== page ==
The secret of Jethro Tull's longevity is that the band always plays its cards sparingly. For example, "No Lullaby," one of Heavy Horses' two epics, deploys an extensive catalog of aurally exciting effects: flanged drums, echo on the vocal, a mightily distorted guitar cadenza. But each item appears only momentarily, to nudge the slow dirge into grandeur. Another case in point is "Acres Wild," a simple love song that's wrought entirely from the differences in timbre between Ian Anderson's mandolin and guest Darryl Way's electric fiddle. Similarly, Tull restrains its tonality to basic chord changes and folk-song melodies. But the rhythms are lavish — particularly the instrumental arrangements, where no two players are allowed the same part.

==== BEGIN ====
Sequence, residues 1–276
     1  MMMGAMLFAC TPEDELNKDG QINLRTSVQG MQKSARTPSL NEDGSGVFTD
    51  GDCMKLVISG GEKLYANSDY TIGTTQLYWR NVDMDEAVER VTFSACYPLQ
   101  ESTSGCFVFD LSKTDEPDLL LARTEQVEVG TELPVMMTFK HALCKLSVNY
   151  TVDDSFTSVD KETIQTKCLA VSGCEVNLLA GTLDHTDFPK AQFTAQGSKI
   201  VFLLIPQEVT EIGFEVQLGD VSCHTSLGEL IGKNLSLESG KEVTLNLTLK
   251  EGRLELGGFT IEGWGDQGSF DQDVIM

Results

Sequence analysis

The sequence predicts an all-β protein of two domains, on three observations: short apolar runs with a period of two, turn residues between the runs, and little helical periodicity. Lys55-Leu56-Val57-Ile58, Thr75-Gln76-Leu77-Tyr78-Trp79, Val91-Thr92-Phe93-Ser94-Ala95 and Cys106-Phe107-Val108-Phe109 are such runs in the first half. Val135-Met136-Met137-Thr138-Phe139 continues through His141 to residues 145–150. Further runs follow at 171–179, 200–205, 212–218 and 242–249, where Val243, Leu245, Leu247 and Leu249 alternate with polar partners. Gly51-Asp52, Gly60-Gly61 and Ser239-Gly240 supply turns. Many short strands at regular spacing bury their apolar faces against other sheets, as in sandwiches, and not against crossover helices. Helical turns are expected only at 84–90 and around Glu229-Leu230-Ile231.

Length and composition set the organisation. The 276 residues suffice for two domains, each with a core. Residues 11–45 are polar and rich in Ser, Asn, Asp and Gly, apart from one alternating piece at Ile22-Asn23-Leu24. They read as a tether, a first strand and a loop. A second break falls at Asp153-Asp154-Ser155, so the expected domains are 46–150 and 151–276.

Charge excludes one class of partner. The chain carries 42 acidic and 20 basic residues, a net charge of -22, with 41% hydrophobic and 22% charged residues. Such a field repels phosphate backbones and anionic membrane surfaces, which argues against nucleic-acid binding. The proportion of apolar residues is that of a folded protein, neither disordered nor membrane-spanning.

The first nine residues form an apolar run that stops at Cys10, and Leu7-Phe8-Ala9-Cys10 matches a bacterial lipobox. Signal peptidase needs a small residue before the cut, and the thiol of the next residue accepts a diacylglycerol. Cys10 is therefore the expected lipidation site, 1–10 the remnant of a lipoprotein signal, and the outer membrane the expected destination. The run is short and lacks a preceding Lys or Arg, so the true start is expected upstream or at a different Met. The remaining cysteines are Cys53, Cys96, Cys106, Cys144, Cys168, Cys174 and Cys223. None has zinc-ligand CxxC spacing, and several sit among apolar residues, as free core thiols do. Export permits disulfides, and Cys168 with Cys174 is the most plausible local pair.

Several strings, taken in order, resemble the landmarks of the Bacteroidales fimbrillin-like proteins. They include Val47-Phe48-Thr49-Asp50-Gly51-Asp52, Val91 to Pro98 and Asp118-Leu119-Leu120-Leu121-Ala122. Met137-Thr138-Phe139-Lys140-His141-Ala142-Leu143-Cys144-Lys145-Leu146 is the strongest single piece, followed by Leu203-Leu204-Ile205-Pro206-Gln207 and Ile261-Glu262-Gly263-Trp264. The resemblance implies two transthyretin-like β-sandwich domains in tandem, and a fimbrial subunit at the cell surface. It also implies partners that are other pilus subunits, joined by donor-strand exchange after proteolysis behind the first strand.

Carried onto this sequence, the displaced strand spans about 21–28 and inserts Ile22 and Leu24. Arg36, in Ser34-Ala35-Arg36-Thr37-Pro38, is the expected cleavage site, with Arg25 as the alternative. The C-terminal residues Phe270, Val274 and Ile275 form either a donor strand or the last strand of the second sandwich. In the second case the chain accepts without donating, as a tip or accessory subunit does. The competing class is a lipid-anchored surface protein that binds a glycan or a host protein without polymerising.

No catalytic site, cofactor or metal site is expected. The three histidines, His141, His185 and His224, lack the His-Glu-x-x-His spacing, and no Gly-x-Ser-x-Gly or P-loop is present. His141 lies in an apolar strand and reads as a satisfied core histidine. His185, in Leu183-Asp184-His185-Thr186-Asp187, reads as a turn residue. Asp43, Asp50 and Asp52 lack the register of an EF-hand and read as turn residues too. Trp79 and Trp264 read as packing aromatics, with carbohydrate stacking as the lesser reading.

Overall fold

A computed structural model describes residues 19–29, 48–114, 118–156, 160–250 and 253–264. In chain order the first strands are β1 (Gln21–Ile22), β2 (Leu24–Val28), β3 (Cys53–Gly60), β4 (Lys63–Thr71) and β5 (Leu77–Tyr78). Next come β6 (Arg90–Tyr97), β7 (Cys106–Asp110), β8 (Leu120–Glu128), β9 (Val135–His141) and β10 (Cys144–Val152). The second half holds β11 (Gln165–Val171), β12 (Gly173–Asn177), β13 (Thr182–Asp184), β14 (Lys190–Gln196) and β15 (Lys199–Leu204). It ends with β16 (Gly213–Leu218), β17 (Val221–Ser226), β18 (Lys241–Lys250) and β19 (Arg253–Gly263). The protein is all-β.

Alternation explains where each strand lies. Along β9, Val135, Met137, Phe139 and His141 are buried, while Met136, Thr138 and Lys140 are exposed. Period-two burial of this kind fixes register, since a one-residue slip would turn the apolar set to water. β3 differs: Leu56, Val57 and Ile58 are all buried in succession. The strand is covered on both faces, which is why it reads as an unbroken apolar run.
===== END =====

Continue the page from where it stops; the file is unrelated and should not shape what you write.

Heavy Horses is merely the followup to last year's Songs from the Wood, which may well have been the group's best record ever. Anderson warns that this is the end of the folk-tinged Tull, that the band will return to boogie forthwith. That's a pity because this genre has suited Jethro Tull wonderfully.